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. Last Updated: 07/27/2016

No Experience Without Votes in the Regions

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On Saturday, President Vladimir Putin met with foreign political experts and journalists who are members of the Valdai Discussion Club, a talking-shop the Kremlin set up in 2004 for informal, high-level discussion of all matters Russian and political. Questions Putin faced included some about the possibility of him running for a third term in office -- as usual, he answered that he had no plans to change the Constitution to allow him to do so -- and about the current procedure for appointing regional governors -- the president said we should not say they are "appointed," as the candidacy must be approved by the legislature of the region in question.

It might seem there is no particular link between the third-term problem and the abolition of gubernatorial elections. Yet the link is there, and it's a direct one. Reinstating gubernatorial elections would significantly increase the stock of politicians who could be serious candidates for the presidency.

The main reason many analysts suspect Putin will somehow manage to stay on in power after 2008 is that there are no guarantees that his successor will be a politician able to hold on to power. Thus, after Stalin's death, the post of prime minister -- the highest government office in the country -- went to Georgy Malenkov, who had been Stalin's No. 2 for the last five years of the Generalissimo's life. But it very soon became apparent that the ability to be a successful politician on someone else's watch, even at a very high level, was no substitute for an aptitude for politics, where the main task is getting personal support from potential allies.

Communist Party General Secretary Nikita Khrushchev, while heading the Moscow city and then the Ukrainian party organizations, managed to pick up the keys to the hearts of hundreds of members of the party's Central Committee. Similarly, as long as there were gubernatorial elections, there was a supply of people who had at a bare minimum shaken thousands of hands and fielded masses of questions -- from voters, journalists, and opponents -- during electoral campaigns. Putin, incidentally, also gained this kind of experience while running election campaigns for St. Petersburg's first (and last) mayor, Anatoly Sobchak. (U.S. President George W. Bush has had similar experiences in addition to the two gubernatorial campaigns he won; in his youth he worked in the U.S. Congress on election campaigns, all of which were failures.)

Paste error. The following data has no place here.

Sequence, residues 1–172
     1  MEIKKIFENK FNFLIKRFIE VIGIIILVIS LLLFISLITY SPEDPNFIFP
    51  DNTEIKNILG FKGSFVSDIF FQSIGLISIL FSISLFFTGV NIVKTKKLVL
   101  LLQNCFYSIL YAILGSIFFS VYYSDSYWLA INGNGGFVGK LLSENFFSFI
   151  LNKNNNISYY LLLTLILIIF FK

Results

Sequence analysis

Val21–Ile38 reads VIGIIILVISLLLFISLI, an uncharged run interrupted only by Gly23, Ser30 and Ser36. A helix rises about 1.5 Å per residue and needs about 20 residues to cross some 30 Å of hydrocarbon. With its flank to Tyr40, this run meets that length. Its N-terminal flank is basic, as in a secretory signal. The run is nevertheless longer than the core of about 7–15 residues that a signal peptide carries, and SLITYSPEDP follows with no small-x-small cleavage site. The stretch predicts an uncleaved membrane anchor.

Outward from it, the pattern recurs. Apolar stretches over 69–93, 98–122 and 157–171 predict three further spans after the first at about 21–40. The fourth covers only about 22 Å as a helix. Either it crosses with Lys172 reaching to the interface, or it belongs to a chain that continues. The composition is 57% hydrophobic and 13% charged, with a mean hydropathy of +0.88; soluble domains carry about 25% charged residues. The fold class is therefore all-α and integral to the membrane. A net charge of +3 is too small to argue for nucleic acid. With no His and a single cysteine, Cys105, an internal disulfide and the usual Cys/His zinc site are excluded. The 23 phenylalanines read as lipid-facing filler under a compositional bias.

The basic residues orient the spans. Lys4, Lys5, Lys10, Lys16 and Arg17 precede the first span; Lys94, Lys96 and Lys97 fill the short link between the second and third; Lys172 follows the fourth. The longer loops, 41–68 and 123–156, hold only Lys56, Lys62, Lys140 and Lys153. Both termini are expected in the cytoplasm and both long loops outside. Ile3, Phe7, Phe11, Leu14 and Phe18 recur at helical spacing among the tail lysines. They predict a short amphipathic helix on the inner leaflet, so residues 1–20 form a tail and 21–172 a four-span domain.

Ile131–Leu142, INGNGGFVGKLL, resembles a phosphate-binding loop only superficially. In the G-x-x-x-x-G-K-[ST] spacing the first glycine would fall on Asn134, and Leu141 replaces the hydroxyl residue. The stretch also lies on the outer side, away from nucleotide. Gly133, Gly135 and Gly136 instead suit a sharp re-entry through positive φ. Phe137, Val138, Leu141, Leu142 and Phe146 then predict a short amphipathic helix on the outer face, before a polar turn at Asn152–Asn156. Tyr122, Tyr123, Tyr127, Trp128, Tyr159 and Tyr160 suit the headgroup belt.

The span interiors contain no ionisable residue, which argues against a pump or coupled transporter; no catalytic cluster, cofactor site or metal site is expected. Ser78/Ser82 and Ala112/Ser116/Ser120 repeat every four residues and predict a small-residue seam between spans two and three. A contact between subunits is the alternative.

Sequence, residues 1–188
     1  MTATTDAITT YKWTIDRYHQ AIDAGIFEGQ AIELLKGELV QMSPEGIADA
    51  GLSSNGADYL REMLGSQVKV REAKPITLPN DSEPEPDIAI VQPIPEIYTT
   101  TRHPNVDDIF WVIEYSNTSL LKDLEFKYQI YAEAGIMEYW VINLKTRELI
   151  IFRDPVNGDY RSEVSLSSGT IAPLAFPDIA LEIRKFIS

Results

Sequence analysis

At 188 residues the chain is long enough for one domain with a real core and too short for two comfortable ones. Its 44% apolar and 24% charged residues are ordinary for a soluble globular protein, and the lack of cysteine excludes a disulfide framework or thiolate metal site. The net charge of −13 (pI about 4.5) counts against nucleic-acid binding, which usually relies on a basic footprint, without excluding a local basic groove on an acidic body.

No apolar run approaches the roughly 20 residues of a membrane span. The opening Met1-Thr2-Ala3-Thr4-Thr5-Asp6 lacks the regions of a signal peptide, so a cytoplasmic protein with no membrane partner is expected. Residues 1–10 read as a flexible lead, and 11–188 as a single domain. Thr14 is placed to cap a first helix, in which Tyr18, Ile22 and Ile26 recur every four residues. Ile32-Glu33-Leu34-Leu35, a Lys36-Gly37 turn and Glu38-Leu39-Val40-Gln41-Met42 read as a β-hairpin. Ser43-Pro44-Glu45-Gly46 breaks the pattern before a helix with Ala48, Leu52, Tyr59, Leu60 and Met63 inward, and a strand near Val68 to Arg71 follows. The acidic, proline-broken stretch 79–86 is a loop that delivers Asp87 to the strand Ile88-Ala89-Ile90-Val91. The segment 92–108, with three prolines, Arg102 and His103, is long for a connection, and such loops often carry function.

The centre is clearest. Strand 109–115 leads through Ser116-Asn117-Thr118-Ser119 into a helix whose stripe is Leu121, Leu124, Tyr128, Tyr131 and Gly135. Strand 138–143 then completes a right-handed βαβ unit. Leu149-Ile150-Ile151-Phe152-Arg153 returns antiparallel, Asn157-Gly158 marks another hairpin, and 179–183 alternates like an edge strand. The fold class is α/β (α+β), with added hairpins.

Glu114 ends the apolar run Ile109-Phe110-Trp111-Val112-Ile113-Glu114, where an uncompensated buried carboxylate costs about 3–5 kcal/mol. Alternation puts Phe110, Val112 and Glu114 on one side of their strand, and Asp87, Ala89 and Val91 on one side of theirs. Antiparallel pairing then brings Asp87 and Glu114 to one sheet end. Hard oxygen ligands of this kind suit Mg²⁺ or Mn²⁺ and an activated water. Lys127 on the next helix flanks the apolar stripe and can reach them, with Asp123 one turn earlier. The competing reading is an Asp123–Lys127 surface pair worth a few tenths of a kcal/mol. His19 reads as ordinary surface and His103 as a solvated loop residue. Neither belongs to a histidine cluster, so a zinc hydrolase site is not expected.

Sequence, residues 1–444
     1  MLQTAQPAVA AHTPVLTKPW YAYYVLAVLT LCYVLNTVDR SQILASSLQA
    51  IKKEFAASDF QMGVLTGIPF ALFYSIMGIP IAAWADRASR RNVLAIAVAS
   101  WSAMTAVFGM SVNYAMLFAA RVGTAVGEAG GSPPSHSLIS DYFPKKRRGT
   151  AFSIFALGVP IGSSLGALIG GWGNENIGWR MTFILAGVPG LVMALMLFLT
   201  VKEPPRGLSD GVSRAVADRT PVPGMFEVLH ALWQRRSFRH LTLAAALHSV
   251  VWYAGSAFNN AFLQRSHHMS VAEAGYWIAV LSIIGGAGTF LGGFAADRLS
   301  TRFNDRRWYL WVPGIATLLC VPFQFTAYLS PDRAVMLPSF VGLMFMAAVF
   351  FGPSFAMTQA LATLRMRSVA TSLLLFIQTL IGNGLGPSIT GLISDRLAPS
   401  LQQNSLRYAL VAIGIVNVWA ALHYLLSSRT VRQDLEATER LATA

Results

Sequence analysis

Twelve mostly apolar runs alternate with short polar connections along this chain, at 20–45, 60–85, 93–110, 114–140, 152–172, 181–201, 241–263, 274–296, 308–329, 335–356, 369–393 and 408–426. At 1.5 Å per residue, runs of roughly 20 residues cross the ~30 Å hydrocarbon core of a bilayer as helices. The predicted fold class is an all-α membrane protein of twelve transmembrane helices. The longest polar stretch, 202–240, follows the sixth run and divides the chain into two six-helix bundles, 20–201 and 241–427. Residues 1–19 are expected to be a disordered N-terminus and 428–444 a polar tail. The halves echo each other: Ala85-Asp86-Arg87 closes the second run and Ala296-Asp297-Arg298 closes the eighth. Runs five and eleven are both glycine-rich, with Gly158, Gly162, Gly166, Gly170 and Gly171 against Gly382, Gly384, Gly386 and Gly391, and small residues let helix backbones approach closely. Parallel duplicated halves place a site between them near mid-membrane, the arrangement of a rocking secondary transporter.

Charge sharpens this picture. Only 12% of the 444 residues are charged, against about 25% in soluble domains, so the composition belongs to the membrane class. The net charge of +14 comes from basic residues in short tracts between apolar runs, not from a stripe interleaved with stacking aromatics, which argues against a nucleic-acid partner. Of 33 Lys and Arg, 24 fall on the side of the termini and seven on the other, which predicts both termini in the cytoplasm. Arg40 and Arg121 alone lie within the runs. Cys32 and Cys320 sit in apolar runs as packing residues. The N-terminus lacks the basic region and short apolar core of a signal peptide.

The idea that local elections are the best school for politicians is nothing new. Professor Roger Myerson of Chicago University has consistently maintained -- in both his academic work and pieces written for newspaper opinion pages -- that Iraq should first have held provincial elections, and only after that a national vote. What if, for example, the radical Moqtada al-Sadr were elected governor first? Perhaps Iraq wouldn't be where it is today -- having successfully formed a national government to which, unfortunately, no one bothers to listen.

Two years ago, following the Beslan tragedy, Putin gave the clearest formulation yet of his priorities regarding domestic policy: the centralization of state power and the strengthening of the country's territorial integrity. These are positive goals, but it is hard to understand how abolishing direct gubernatorial elections will help in achieving them. Centralizing power should be achieved through a complete de-regionalization of the "power" agencies -- from the Federal Security Service to the tax police -- and by producing a more appropriate balance of power between the regions and the center. Gubernatorial elections -- which, by the way, were some of the most successfully functioning institutions in post-Soviet politics -- should have been left to act as, among other things, schools at which both politicians and voters could learn.

Konstantin Sonin is a professor at the New Economic School/CEFIR.